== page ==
At times Henry considered suicide.
“Oh, it was a frequent thought really … I was looking for a partner, looking for Mr Right, of course. It was a basic contradiction in the sense that Mr Right would have to be heterosexual, and living with this contradiction just created all sorts of misery and futility and thoughts of suicide. You just felt that other people knew what life was about. They went to work, they courted, got married, had children, with divorce a possible option. But how was I supposed to live my life? There was nobody to tell me and most of the books of the time did treat it like a disease, a sickness rather than a very prevalent condition.”
Unlike Dudley Cave, Noel Currer-Briggs did want to conform and still had no idea he was gay. After a distinguished war record as a cryptanalyst in the Intelligence Corps he had returned to Cambridge to resume his studies. There in 1947 he met his future wife Barbara.
I’m very family conscious and I obviously thought it was my duty to get married. Everybody else in my family had got married and produced children and I thought I would do the same. It never occurred to me to do differently, I mean I was a very conventional young man … We were both at Cambridge and anyway we got on like a house on fire. We had an enormous amount in common, both very musical and so on, and I thought, well, the obvious thing to do, I shall have to get married.
Now twenty-eight, Noel was a virgin, woefully ignorant about sex and still troubled by male fantasies. He confided in his doctor.
He asked me what I was reading at Cambridge and I said modern languages. He said, ‘Oh well, if you’re not an artist and you’re not effeminate, you can’t be homosexual. You’ve been to public school and been in the army and picked up bad habits. But don’t worry, she’s a damn nice girl, it will be all right on the night.’ Well, of course, we got married and it wasn’t.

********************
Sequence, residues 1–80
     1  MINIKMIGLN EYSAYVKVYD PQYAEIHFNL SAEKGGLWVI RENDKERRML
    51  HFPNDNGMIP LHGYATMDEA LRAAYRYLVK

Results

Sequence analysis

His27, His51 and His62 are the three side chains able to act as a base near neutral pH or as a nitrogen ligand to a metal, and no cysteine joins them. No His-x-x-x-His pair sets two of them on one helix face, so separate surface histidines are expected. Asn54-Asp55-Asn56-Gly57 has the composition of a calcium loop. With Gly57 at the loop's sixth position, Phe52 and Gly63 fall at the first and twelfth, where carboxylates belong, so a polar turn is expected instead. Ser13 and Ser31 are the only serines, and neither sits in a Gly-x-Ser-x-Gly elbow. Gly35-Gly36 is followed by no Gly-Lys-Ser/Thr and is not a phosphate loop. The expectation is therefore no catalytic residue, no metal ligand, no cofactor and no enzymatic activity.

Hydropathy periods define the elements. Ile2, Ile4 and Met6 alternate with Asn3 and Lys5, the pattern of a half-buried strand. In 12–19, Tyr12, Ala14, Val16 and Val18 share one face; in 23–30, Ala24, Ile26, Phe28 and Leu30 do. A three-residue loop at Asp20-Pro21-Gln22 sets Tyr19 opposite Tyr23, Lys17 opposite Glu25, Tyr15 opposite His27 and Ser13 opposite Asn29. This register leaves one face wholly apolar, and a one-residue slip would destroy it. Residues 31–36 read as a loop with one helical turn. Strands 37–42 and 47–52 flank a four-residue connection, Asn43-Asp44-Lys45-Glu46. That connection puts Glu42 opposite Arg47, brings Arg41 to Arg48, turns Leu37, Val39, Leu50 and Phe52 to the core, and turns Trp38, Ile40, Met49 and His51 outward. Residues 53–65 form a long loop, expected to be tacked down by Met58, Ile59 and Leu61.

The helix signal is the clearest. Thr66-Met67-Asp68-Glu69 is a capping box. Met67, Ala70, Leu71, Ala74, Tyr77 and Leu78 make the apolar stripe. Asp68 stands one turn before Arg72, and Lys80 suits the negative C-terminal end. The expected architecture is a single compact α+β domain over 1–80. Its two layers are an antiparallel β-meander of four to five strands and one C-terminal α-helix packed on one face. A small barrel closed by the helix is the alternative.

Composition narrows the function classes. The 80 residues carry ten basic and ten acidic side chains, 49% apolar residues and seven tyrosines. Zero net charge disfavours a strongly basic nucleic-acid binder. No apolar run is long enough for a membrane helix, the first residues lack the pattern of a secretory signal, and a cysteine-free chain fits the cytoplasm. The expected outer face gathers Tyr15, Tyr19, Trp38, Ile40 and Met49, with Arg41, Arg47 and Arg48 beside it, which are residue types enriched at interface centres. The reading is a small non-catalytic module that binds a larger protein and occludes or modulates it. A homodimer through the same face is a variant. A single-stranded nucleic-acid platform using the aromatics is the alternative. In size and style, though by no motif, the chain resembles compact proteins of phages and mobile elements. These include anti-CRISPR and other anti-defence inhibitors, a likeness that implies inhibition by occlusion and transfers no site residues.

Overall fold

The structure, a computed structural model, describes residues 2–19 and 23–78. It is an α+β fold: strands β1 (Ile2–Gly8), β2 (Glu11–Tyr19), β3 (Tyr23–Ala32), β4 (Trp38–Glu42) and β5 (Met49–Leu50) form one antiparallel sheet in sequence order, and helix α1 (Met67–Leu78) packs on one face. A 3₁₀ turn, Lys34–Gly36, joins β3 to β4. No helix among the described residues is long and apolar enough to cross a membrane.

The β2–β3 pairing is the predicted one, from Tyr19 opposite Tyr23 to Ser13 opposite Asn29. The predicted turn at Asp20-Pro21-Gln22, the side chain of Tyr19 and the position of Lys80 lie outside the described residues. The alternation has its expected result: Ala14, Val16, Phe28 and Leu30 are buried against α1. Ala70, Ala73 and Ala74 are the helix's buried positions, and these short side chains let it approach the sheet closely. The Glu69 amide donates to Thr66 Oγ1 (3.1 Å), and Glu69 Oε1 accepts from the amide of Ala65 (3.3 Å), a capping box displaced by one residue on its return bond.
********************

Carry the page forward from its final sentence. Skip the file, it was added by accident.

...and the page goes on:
After a ‘catastrophic’ honeymoon and no improvement in the early years of marriage, Noel sought medical advice.
The doctor said if I wanted to change, I could have this electro-therapy, reversion therapy. So I thought, well, it doesn’t sound like much fun but I’ll go and see what happens. So I went off to this hospital in Bristol where the chap explained to me that he would present pictures of attractive young men and if I got sexually aroused I would be given an electric shock, which would turn me off. Gradually he would substitute the handsome young men with nubile women. Well, he started off by showing me lots of brunet moustachioed Latins when I was much more attracted to blond Nords, so it didn’t work very well. I didn’t have a shock and I thought, I can’t do this, this is ridiculous.
As the supposed therapy was a complete failure, he was then given rather more pragmatic advice: to organise his life in such a way as to get sexual satisfaction in his own way without upsetting anybody, but under no circumstances to tell his wife.
With the medical treatments of the time variously laughably useless or positively harmful, it was no wonder that so many men resorted to the one solution that seemed to offer the prospect of a cure at best and cover for their true nature at worst. Thousands of homosexual men entered into so-called lavender marriages with women, some of whom were lesbians. Depending on their spouse’s understanding on which these marriages of convenience were contracted, these unions could turn out to be miserable, tragic or surprisingly successful.